Apologies for this dull, hard to read, grey text.  I seem to have lost the ability to change font color.  This was a stab at an art quilt.  My friend Carole Harston painted this a few years ago, and I’ve always drooled over it. Transitions, by Carole Harston 40″ x 30″  My fabric choices.  Love this part.  I added a few others along the way, but only a few. Most of these were used only once or twice in each panel. I decided to break my work into 3 panels, each one 12″ x 27″.  I had a color copy made, and then covered the sections of the photo I was NOT working on. I pieced small wedges of fabric together. I did not used any backing as I sewed (no muslin, no batting). Second panel (above) So these were the 3 panels, untrimmed.  Next step….the longarm. Then I finally got to trim them.  It’s really hard to resist trimming up to this point. Finally, I stood back to see the almost end result. I tried to tell myself that I was imagining the issues with the left panel.  I slept on it, even looked at it from afar: Couldn’t take it. SO! It went in for major surgery: (at which point I learned that I STILL should not have trimmed the panels yet) Now, I am NOT very skilled at art quilts to begin with.  To say I knew how this was going to be put back together would be very generous. But I did know that I could just make the entire panel again if I had to.  (not my first choice) In the above photo, you can see the newly created section. It looked like it was gonna be much better on the eyes. Now to sew it together. First, I picked out 3 rows of longarm quilting from the top and bottom sections.  Next, I cut a piece of batting to fit in there, and fused it to the edges of the original batting, using fusible batting tape. (photo below) This is when I realized I had no plan to sew a new piece of backing on.  It gets a little sketchy here. I cut a piece of backing fabric that was the exact height, plus 1/2″.  I pressed the top and bottom 1/4″. I applied this double sided tape I have (Atemto Double Sided tape .1 inch) to the folded edges. This tape isn’t for sewing, I’m sure. I really didn’t care at this point. I had made peace with the fact that the back was not going to be perfect. I flipped the blue fabric and finger pressed it onto the existing backing fabric. Next, I took the panel to my regular machine and quilted it with straight lines as I had done on my longarm.  This (above) is after I trimmed it.  You can see the flaw.  I totally chose to pretend it was not there, and carried on. I applied facing to the panels instead of binding.   SOOOO much better!  I am so glad I dove in to the reconstruction.  I’ve named it ‘At the End of the Day’.  And here’s why. Aside from the fact that it DOES LOOK like the end of the day, I get so annoyed by any new and unnecessary verbage, or lingo, or slang, that pops up into our language. When my kids were young, and started saying “like” 3 times in every sentence, I...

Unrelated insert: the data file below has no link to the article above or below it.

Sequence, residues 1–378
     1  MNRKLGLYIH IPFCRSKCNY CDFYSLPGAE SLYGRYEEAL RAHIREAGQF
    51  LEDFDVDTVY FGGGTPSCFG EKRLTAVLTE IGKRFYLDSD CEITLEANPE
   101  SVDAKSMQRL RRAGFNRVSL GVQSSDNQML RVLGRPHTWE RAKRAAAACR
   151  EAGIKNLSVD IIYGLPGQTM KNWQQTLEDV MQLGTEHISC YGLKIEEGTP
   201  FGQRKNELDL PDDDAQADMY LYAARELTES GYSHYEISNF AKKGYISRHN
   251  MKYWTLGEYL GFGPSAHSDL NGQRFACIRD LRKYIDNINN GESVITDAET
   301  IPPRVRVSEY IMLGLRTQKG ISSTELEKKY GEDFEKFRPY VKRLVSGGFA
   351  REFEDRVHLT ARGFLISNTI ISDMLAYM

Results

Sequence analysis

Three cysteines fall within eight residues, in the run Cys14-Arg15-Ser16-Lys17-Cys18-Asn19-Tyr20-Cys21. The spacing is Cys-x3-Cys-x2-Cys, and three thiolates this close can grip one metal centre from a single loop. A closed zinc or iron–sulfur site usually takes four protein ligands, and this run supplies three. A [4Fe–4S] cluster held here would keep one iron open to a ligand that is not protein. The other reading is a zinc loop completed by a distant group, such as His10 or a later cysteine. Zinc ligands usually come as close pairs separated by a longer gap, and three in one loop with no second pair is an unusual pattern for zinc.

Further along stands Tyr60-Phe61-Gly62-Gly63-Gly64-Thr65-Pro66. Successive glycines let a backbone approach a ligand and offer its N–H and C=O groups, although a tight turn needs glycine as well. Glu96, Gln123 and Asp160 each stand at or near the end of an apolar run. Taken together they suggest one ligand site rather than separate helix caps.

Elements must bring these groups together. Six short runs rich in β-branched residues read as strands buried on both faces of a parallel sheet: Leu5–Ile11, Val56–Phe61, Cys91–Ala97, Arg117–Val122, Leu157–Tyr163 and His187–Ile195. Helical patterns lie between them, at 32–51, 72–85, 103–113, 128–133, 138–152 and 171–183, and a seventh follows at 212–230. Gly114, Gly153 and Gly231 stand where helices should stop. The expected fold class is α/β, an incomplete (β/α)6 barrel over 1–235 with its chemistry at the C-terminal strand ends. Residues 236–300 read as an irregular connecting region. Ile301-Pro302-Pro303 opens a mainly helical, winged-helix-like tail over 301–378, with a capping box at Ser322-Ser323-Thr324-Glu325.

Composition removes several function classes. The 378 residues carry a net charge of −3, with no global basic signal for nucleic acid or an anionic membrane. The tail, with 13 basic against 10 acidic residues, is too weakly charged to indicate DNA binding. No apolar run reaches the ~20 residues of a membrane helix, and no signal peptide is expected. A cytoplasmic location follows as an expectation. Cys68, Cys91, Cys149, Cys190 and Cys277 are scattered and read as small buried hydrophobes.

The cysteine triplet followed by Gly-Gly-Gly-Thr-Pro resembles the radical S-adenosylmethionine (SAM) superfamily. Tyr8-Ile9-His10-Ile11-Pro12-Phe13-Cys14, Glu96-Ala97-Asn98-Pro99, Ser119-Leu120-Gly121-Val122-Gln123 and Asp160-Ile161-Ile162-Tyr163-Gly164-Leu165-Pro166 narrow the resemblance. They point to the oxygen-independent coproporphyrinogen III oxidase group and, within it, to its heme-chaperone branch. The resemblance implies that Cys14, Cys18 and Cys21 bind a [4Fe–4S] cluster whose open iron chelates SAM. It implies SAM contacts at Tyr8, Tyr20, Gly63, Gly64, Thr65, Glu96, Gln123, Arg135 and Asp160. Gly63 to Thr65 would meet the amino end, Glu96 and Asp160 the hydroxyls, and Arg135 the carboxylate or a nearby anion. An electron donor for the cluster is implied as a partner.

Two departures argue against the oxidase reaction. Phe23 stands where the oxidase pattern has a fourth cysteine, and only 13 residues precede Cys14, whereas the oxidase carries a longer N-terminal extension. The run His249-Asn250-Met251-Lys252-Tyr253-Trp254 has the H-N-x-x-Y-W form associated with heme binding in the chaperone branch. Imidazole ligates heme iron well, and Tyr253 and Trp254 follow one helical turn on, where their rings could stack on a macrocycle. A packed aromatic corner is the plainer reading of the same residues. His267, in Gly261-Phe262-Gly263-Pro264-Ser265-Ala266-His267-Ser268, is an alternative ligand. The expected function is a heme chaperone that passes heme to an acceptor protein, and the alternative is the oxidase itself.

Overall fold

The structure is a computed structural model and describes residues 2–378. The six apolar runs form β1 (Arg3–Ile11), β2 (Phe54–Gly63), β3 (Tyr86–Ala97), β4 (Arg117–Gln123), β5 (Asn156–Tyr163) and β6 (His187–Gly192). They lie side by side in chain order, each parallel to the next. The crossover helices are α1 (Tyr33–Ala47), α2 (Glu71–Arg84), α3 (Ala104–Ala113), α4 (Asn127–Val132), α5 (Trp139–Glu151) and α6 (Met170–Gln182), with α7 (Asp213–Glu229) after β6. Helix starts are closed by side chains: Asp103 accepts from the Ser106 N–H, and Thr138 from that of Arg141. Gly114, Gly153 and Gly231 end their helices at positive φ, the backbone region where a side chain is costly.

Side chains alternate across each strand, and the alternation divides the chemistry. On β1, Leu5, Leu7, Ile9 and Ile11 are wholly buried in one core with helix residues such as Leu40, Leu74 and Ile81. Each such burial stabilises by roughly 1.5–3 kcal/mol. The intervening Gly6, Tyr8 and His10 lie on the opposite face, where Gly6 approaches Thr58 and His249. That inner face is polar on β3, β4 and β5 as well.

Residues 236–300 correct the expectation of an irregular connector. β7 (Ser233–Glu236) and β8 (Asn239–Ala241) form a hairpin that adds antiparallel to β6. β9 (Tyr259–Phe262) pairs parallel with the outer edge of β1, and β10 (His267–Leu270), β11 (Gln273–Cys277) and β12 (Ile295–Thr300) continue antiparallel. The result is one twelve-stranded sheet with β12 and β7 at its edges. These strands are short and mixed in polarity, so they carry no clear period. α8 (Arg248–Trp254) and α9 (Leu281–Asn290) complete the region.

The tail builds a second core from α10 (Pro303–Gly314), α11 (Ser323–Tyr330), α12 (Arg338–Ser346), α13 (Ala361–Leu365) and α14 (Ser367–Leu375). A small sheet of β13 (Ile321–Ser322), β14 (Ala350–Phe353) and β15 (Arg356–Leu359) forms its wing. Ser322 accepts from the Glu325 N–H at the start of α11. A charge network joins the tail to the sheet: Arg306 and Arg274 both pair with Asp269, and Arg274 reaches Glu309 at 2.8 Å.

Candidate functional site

Chama